The headaches will be for the researchers as to how much of the run will suffice to get started, although I suspect that they may use the data from the simpler data sets, which have very few of their parameters adjusted. Then, when the more complex runs start finishing, they can generate more data sets using these more complex runs. Just my idle musing on the problem.
BUT! I also think that the coupled ocean runs, while more complex, will not take much more time to complete than a sulphur model, and that the time to completion will be long, perhaps the usual year.
Which means that if you can dedicate a computer to cpdn for a few months with nothing else running, they won\'t be a problem.
It\'s just the testers who need very fast, dedicated machines.
We\'ll see come February.

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Message 18137 - Posted: 13 Dec 2005, 13:37:13 UTC


Given the extra length required for these sulphur models and the termination of slab model generation, wouldn\'t it make sense to update the technical requirements page. I don\'t believe that an 800Mhz machine will be able to finish one before the deadline (based on the fact that I have a 1Ghz box that is estimating exceeding the deadline by a few days or so). Or perhaps an update to provide model specific requirements?

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Message 18153 - Posted: 13 Dec 2005, 17:03:36 UTC - in response to Message 18137.  


Given the extra length required for these sulphur models and the termination of slab model generation, wouldn\'t it make sense to update the technical requirements page. I don\'t believe that an 800Mhz machine will be able to finish one before the deadline (based on the fact that I have a 1Ghz box that is estimating exceeding the deadline by a few days or so). Or perhaps an update to provide model specific requirements?



Carl has never said that the Slabs where terminated, but he has stopped Slabs, because science wants more Sulphur-results coming their way.

I have asked the status on slabs, but I\'m afraid Carl missed that question.

As \'Time to complete\' is a bit dodgy nowadays one has to run the model for a while and calculate end-time from the progress made.
As indication: on a 1Gig PIII I expect a sulphur to complete within 200 days.
(this 24/7 and on wintel32)
((Don\'t like to say it, but it might take longer on the same box under Linux))

If Slabs are not needed anymore and science can\'t find shorter work a la slab, than the \'requirements page\' should indeed be altered.

-800MHz till 1Gig would be the minimum for 24/7 crunchers.
-Faster speed machines would be required for non 24/7 running machines.

Personally, I would also add the requirement/advise to make regular backups, run \'Network activity suspended\' and hint to be carefull with other cpu intensive applications
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Message 18168 - Posted: 13 Dec 2005, 22:36:51 UTC - in response to Message 18153.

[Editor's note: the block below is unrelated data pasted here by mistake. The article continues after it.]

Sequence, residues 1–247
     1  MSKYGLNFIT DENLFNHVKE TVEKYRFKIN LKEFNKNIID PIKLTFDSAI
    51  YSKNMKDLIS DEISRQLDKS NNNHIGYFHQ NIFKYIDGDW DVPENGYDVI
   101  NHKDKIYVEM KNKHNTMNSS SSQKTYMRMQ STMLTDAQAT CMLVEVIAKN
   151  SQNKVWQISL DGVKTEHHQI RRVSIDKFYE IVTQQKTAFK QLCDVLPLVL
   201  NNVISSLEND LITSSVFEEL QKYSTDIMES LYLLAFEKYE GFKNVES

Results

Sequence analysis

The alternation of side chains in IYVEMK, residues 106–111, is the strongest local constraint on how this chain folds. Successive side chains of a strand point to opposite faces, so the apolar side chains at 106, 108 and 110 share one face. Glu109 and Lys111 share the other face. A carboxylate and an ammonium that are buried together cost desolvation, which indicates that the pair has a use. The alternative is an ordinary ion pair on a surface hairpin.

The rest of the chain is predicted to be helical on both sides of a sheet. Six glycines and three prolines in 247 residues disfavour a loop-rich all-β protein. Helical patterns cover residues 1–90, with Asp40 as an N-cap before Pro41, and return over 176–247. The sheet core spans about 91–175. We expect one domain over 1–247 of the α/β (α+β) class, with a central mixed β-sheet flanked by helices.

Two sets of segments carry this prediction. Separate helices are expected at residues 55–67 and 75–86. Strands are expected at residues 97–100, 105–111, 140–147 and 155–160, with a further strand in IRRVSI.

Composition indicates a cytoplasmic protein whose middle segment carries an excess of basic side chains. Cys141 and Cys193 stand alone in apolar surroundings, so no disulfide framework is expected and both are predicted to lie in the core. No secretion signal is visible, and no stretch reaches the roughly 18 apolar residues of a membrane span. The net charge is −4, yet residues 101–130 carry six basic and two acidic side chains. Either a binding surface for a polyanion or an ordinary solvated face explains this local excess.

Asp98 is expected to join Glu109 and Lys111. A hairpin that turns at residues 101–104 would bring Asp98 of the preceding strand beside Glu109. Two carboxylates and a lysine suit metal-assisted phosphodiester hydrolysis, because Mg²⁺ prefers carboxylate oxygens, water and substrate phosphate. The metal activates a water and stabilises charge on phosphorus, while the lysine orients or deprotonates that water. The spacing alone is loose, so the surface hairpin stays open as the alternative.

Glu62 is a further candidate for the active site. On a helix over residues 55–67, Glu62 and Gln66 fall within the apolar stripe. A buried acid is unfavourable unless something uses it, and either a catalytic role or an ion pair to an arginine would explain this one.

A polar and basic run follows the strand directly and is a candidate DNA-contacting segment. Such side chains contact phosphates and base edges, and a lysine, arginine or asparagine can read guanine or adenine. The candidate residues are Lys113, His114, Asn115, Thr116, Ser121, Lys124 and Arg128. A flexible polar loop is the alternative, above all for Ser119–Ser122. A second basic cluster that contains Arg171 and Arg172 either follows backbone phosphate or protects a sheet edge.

I have the situation where a sulfur model has put one of my comptuers into EDF:

2005-11-27 06:55:21 [climateprediction.net] Restarting result 47wx_200297153_0 using sulphur_cycle version 4.19
2005-11-27 06:55:21 [climateprediction.net] Restarting result 1txs_000106329_1 using hadsm3 version 4.13
2005-11-27 06:55:22 [---] Suspending work fetch because computer is overcommitted.
2005-11-27 06:55:22 [---] Using earliest-deadline-first scheduling because computer is overcommitted.


I have like a -1,800,000 seconds built up because of this. Not sure if I am going to let that stand or not yet ... But, ya gotta be careful ...

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Message 18268 - Posted: 16 Dec 2005, 7:34:09 UTC - in response to Message 18168.  

I have the situation where a sulfur model has put one of my comptuers into EDF:

...using sulphur_cycle version 4.19
...


I have like a -1,800,000 seconds built up because of this. Not sure if I am going to let that stand or not yet ... But, ya gotta be careful ...


There was a suggestion to cancel sulphur wu using app version before 4.22 -- but I don\'t know if this was endorsed by the project team or just thrown in by a participant and I can\'t find th epost I was thinking of -- would Carl or Tolu comment please?
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Message 18270 - Posted: 16 Dec 2005, 7:51:46 UTC - in response to Message 18137.  
Last modified: 16 Dec 2005, 7:52:15 UTC


Given the extra length required for these sulphur models and the termination of slab model generation, wouldn\'t it make sense to update the technical requirements page.


Agree absolutely. If 800 is a sensible limit for slab then 2GHz would be about right for sulphur

I don\'t believe that an 800Mhz machine will be able to finish one before the deadline (based on the fact that I have a 1Ghz box that is estimating exceeding the deadline by a few days or so). Or perhaps an update to provide model specific requirements?